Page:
This is the third in a series of profiles of the six candidates seeking the Democratic nomination to represent Maryland’s 4th Congressional District.
Matthew Fogg took on the federal government nearly 20 years ago and won.
As a deputy U.S. marshal, Fogg alleged that he and other black officers had endured harassment, been passed over for promotions and received less desirable assignments tied to their duties of tracking and apprehending fugitives.
All of it amounted to racial discrimination, a federal jury in Washington found in 1998. What followed were years of appeals, complaints and, for Fogg, a run on the cable news and speaking circuit denouncing structural racism and pushing criminal-justice reform.
Now, the retired law enforcement officer turned community activist is determined to take his experience to Capitol Hill.
He is one of six Democrats vying for the party nomination to replace outgoing Rep. Donna F. Edwards (D) in Maryland’s 4th Congressional District.
“I’m a candidate who has challenged the government,” said Fogg, 64, who lives in Clinton and also has a home in Suitland. “I could be a strong voice in making certain that things are done in an equal and just manner.”
For years, Fogg has been testifying at colleges, conferences and in Annapolis on criminal-justice issues, working with organizations such as Amnesty International and the NAACP to draw attention to the racial dynamics of U.S. drug enforcement policies.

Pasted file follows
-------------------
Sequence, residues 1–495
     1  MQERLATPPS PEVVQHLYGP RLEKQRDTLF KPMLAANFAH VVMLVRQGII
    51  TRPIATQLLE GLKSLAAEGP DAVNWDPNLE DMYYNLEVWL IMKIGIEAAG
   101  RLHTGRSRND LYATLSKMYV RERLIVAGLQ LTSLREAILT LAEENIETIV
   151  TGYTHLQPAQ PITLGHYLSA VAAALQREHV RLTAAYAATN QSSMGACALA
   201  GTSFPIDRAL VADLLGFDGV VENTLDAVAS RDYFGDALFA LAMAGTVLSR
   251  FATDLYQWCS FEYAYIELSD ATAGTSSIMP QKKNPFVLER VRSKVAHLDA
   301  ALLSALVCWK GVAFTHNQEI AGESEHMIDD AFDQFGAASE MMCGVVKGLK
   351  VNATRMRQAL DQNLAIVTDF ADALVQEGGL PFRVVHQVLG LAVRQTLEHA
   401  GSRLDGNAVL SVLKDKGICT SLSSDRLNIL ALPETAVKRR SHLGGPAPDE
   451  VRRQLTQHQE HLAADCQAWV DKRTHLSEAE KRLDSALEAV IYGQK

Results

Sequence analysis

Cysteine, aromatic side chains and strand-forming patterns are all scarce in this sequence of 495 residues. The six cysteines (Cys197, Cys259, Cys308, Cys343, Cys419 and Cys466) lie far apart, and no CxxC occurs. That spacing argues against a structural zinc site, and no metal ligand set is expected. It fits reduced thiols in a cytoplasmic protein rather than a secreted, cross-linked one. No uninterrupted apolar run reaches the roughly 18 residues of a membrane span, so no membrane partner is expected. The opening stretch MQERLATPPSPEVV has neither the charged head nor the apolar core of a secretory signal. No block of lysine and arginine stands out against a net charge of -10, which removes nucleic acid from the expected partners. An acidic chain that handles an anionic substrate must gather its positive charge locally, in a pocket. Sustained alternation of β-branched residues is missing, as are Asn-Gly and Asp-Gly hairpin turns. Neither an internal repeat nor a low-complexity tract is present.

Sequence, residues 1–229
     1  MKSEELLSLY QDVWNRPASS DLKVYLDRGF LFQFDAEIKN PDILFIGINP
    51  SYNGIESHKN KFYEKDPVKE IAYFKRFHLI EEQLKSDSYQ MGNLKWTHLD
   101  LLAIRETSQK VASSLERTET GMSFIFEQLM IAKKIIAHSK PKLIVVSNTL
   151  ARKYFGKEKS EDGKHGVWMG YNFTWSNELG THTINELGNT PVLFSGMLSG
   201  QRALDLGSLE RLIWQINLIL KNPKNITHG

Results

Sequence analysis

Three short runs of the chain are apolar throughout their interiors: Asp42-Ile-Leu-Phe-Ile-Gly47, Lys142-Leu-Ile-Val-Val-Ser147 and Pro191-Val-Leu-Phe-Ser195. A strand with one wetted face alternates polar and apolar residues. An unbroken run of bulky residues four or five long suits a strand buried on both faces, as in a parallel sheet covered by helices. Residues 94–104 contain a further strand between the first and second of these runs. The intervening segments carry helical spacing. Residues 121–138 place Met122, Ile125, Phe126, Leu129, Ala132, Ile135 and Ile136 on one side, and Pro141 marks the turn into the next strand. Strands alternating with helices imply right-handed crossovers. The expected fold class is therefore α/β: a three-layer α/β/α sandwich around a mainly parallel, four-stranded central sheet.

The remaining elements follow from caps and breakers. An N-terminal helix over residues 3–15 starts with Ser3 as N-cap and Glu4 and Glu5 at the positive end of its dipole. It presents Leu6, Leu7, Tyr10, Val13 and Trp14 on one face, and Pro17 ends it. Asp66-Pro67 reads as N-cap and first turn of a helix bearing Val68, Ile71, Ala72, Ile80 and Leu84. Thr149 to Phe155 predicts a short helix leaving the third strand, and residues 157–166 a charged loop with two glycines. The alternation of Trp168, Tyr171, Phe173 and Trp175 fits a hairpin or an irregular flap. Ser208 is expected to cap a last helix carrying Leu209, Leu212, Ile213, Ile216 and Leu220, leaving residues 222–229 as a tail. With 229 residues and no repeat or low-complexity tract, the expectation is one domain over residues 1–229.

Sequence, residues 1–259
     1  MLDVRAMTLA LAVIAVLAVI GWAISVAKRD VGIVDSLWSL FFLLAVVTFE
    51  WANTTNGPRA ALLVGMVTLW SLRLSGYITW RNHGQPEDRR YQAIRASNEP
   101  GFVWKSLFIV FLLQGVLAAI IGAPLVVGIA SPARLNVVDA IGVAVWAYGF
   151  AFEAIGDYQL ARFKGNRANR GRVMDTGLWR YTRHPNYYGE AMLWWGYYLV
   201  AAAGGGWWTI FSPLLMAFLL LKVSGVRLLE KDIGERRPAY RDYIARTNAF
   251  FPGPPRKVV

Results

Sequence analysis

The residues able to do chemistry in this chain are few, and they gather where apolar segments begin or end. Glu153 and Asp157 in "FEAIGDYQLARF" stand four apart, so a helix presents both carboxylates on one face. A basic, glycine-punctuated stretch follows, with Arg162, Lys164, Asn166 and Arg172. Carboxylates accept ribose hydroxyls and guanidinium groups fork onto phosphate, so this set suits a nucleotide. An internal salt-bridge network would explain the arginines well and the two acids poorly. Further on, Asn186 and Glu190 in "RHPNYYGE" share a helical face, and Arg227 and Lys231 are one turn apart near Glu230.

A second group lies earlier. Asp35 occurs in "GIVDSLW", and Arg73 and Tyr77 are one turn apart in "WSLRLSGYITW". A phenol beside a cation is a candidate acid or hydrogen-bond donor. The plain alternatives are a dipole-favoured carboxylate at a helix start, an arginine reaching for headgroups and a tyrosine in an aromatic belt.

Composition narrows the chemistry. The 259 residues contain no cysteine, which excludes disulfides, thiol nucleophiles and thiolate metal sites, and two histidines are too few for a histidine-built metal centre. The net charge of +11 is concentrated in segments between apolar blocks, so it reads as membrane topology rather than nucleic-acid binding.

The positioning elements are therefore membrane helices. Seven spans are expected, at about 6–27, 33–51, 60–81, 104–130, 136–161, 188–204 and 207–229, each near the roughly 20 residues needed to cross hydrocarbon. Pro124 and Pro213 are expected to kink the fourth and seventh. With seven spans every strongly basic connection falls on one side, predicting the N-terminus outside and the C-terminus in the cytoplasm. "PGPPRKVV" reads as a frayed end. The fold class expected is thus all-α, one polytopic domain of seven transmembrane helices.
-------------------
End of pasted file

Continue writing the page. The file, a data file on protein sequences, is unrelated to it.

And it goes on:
This is Fogg’s third run for elected office in Maryland. In 2014, he ran for state delegate in the 25th Legislative District in Prince George’s County, finishing last in the primary. Fogg then became a write-in candidate for the state Senate in the general election, where he garnered 524 votes.
Fogg knows his chances in the April 26 primary are remote, given a Democratic field that includes a former Maryland lieutenant governor, Prince George’s former top prosecutor and a sitting state delegate. (Several Republicans also are running in the overwhelmingly Democratic district, which is based in Prince George’s and stretches into Anne Arundel County.)
But as a longtime Prince George’s resident, he is frustrated by his county’s seeming inability to emerge from what he calls the “ills list.”
Prince George’s has the highest crime rate, the lowest-performing schools and the poorest health outcomes of any suburban community in the region. Those social indicators point to a low quality of life, Fogg said, and spur him to action.
“We keep electing people into office, and our community is still going down a slippery slope,” he said.
Fogg, who obtained his bachelor’s degree from Marshall University in West Virginia, provided few specifics on how he would try to make an impact in Congress.
At public events he often speaks in generalities, sometimes echoing the policy positions of other candidates.
But he comes alive when the conversation turns to law enforcement practices. He recently testified in Annapolis about policing reforms that would equip officers with body cameras and provide more legal protections to whistleblowers.
Fogg has not reported any campaign contributions, according to the most recent federal election filings. He only just launched a campaign website. But he says he presents an alternative for voters who may be tired of seasoned politicians.
“It’s never too late,” he said.
Next: Former state’s attorney Glenn Ivey.